Arts Council England (ACE) works to get great art to everyone by championing, developing and investing in artistic experiences that enrich people’s lives. Twitter: @ ace_national

Association of Blind Piano Tuners website contains information about everything related to pianos, from history, makers, movers, teachers, tuners and more.

The Association of Festival Organisers (AFO) is a membership group of like-minded festival and event managers who believe in learning and teaching, sharing and networking to continuously improve the festival scene.

The Association of Independent Festivals is a non-profit trade association created to represent UK independent music festivals.

Association of Independent Music (AIM) is a non-profit-making trade organisation for independent music organisations in the UK. It looks after over 800 of the UK’s independent record labels. Twitter: @AIM_UK

Association of Professional Recording Services (APRS) promotes the highest standards of professionalism and quality within the audio industry. Its members are recording studios, post-production houses, mastering, replication, pressing and duplicating facilities, and providers of education and training, as well as record producers, audio engineers, manufacturers, suppliers and consultants. Its primary aim is to develop and maintain excellence at all levels within the UK’s audio industry.

Attitude is Everything improves Deaf and disabled people’s access to live music by working in partnership with audiences, artists and the music industry to implement a Charter of Best Practice across the UK. Other resources online. Twitter: @attitudetweets

The Audio Engineering Society is the only professional society devoted exclusively to audio technology. Founded in the United States in 1948, the AES has grown to become an international organization that unites audio engineers, creative artists, scientists and students worldwide by promoting advances in audio and disseminating new knowledge and research.

Authors’ Licensing and Collecting Society is a membership organisation for writers run by its Members, for its Members. It

  • Protects and promotes the rights of authors writing in all disciplines
  • Ensures authors receive fair payment for the various uses of their work

BandName Worldwide search and registration of band names. Why Register? Establishing prior usage is a key component in protecting your name and avoiding unwelcome legal challenges. The Worldwide Registry notifies artists and labels where potential territorial name conflicts exist and registers your historical claim to ‘name’ usage. Email:

BASCA – British Academy of Songwriters, Composers and Authors exists to support and protect the artistic, professional, commercial and copyright interests of songwriters, lyricists and composers of all genres of music and to celebrate and encourage excellence in British music writing.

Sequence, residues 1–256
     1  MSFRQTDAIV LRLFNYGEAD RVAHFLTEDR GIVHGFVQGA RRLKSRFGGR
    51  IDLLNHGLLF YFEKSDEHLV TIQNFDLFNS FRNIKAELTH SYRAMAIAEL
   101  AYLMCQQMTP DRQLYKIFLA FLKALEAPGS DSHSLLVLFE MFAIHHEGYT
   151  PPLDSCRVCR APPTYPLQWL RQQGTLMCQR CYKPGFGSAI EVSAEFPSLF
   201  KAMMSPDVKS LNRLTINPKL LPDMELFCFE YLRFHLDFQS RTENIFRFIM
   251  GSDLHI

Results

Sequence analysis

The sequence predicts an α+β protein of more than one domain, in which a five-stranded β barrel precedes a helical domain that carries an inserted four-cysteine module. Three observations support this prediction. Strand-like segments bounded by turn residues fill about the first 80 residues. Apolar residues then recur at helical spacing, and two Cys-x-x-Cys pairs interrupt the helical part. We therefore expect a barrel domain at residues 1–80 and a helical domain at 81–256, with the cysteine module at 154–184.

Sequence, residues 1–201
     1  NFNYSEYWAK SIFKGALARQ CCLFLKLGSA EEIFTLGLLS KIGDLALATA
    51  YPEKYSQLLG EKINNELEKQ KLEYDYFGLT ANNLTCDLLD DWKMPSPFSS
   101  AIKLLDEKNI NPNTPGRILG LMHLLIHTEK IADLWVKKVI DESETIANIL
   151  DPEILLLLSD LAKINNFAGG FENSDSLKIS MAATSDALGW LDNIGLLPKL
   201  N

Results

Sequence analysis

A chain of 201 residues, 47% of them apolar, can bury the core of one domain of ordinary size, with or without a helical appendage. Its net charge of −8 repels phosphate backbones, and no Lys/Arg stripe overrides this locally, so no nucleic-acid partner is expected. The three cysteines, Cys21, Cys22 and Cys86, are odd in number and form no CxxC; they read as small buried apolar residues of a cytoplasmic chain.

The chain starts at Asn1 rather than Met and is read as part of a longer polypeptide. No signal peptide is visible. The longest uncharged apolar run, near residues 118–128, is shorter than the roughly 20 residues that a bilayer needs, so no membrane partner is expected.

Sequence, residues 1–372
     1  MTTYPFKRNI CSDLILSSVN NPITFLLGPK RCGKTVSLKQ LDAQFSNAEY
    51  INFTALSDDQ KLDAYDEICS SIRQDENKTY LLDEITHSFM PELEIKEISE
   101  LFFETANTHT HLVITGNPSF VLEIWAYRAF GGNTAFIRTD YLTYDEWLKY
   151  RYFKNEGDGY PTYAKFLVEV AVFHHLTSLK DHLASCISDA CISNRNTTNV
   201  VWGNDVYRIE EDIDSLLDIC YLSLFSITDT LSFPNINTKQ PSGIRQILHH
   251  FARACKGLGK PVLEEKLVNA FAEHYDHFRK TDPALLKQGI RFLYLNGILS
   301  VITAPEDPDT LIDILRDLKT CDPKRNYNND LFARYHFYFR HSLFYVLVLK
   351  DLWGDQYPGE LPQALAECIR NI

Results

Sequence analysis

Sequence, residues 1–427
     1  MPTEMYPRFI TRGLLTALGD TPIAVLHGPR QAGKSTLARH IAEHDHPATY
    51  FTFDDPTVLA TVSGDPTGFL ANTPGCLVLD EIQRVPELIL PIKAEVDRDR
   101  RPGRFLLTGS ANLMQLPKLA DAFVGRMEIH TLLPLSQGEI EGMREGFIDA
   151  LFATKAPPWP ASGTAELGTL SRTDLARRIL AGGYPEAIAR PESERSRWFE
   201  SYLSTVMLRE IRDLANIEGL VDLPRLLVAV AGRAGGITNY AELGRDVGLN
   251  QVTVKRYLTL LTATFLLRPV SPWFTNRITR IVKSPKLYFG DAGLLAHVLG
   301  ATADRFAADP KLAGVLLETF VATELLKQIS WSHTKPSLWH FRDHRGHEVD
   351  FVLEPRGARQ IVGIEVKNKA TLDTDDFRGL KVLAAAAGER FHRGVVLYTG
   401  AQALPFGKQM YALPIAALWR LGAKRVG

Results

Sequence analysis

BBC Music – Music across the BBC.

BECTU is the independent trade union for those working in broadcasting, film, theatre, entertainment, leisure, interactive media and allied areas.

British Library Sound Archive holds many sound and video recordings, with over a million discs and thousands of tapes. Its collections come from all over the world and cover the entire range of recorded sound from music, drama and literature, to oral history and wildlife sounds. Formats range from cylinders made in the late 19th century to the latest digital media.
British Music Hall Society – All things Music Hall. A good links page for Music Hall Resources.
The BPI – British Phonographic Industry – is the representative voice of the UK recorded music business. The BPI is a trade organisation funded by their members. The BPI’s members include the UK’s four major record labels and hundreds of independent music companies. It organises the annual Brit Awards.

Concert Promoters Association works to promote the interests of its members and to represent them at a national level, both to the public and other organisations. It has a code of conduct that is worth following even if you are not a member e.g. you may be putting on a gig as a band/musician or organising a charity fundraising concert. If you are starting out as a promoter, it may be worth reading B Sharp’s Ideas into Action event planning advice.

Contemporary Music (Making) For All (CoMA) is at the heart of new music in the UK, providing opportunities for amateur musicians to take an active part in the performance of works by some of the brightest new composers alongside that of established figures. CoMA has a non-auditioning, grass-roots approach, running amateur contemporary music ensembles, workshops and events throughout the UK.

Design and Artists Copyright Society is by artists for artists, DACS is a not-for-profit visual arts rights management organisation. Relevant for artists producing work for album/CD covers etc.

Disability Arts Online is a journal for disabled bloggers, creatives and performers to share work and experience. Twitter: @disabilityarts